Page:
Andrew Joyce left high school at seventeen to hitchhike throughout the US, Canada, and Mexico. He wouldn’t return from his journey until decades later when he decided to become a writer.
Joyce has written five books, including a two-volume collection of one hundred and fifty short stories comprised of his hitching adventures called BEDTIME STORIES FOR GROWN-UPS (as yet unpublished), and his latest novel, YELLOW HAIR. He now lives aboard a boat in Fort Lauderdale, Florida, with his dog, Danny, where he is busy working on his next book, tentatively entitled, MICK REILLY. Read his interview below:
How long have you been writing?
One morning, about six years ago, I went crazy. I got out of bed, went downstairs, and threw my TV out the window. Then I sat down at the computer and wrote my first short story. And just for the hell
of it, I threw it up on a writing site. A few months later, I was informed that it had been selected for publication in an anthology of the best short stories of 2011. I even got paid for it. I’ve been writing ever since.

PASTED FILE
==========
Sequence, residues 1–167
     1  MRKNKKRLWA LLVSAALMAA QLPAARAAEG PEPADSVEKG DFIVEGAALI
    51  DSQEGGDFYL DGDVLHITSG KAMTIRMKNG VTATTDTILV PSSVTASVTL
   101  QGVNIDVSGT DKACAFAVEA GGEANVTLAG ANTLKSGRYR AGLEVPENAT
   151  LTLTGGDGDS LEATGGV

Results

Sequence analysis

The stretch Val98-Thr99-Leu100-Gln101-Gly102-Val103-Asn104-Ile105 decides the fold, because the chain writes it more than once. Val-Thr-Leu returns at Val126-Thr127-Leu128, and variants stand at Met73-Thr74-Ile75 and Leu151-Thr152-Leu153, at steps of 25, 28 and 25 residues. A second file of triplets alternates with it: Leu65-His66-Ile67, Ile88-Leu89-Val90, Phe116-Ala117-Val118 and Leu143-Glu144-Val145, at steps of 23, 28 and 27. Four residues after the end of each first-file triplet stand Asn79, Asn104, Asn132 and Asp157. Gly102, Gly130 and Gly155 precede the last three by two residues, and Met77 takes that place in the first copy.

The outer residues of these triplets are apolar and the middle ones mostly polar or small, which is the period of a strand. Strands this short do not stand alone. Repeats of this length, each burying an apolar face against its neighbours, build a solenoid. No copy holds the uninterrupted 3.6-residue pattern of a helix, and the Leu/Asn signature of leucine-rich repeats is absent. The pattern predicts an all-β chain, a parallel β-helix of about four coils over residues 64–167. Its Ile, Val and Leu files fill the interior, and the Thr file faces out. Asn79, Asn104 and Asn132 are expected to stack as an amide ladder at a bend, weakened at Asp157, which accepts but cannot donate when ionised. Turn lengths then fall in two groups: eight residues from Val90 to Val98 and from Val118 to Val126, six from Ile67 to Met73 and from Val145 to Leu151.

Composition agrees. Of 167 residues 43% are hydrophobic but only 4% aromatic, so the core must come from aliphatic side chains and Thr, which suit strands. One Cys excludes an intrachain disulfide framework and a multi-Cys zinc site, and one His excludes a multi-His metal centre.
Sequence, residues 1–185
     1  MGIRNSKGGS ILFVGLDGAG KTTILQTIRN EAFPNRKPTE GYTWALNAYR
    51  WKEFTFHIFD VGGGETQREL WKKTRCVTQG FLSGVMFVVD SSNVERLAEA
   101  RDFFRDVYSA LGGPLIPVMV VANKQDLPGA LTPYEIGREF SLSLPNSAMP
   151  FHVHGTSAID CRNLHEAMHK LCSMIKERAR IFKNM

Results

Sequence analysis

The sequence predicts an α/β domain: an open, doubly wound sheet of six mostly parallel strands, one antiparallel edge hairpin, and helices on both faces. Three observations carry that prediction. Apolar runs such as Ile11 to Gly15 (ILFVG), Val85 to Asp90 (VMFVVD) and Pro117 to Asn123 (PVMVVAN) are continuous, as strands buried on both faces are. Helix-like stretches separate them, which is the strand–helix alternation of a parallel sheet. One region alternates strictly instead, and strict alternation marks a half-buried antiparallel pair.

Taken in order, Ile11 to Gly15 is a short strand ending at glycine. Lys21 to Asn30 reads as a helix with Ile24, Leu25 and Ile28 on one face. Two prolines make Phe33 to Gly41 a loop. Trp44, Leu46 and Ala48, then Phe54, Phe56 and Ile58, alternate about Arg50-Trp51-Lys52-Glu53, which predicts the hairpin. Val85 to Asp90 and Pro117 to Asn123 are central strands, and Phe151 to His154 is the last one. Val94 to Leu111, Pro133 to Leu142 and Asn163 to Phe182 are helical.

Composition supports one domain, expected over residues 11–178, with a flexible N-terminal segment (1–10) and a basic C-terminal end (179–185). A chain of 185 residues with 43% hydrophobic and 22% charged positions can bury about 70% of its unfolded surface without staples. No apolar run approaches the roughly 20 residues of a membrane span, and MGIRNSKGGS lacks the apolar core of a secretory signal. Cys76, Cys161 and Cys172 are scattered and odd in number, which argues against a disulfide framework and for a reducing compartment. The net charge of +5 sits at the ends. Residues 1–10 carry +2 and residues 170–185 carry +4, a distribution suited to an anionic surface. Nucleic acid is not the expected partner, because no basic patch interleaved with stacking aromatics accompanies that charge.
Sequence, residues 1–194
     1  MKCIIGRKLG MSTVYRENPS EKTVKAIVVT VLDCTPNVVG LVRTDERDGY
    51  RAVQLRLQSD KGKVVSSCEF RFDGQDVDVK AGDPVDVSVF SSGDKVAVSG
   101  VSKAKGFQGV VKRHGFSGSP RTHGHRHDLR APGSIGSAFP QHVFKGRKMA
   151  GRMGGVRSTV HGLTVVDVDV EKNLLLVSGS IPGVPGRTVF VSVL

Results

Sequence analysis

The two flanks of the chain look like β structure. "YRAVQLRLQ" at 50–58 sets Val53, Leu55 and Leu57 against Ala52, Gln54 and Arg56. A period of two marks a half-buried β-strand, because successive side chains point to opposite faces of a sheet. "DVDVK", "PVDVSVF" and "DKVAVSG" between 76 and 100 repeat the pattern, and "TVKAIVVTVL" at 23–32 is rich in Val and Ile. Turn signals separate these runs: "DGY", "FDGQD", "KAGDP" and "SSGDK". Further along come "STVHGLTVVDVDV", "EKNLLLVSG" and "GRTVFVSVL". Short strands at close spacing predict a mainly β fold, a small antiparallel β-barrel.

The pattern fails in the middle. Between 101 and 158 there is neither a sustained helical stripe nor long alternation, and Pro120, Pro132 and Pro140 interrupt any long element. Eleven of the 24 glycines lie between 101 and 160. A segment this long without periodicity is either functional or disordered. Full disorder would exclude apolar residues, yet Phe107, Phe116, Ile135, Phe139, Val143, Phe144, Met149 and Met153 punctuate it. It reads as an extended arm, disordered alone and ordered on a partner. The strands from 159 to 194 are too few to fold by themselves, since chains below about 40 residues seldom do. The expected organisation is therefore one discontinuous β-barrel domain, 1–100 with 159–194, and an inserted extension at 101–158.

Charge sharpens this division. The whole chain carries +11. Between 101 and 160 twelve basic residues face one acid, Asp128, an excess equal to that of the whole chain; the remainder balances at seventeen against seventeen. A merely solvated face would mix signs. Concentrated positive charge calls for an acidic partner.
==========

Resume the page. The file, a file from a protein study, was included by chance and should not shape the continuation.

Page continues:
What inspires you to write?
I do not know. I think the creative process soothes my soul. And it sure as hell beats watching television. As to what inspires me, the answer is everything. A song title, something someone says
in passing, the sun reflecting off the water next to my boat. Everything!
I have close to 150 short stories ranging in length from thirty-four words to 15,000 words and everything in between and in every genre including children’s stories. It could be 250 short stories or 300, but I don’t have the time if want to write novels.
Who’s your favorite author and why?
John Steinbeck. And this is why:
"The afternoon came down as imperceptibly as age comes to a happy man. A little gold entered into the sunlight. The bay became bluer and dimpled with shore-wind ripples. Those lonely fishermen who believe that the fish bite at high tide left their rocks and their places were taken by others, who were convinced that the fish bite at low tide.”—John Steinbeck, Tortilla Flat
That is some fancy writing.
What advice can you give to other authors or writers?
Read, read . . . and then read some more. Read everything you can get your hands on! Reading to a writer is as medical school is to a doctor, as physical training is to an athlete, as breathing is to life.
Where can readers go to find out more information about your work?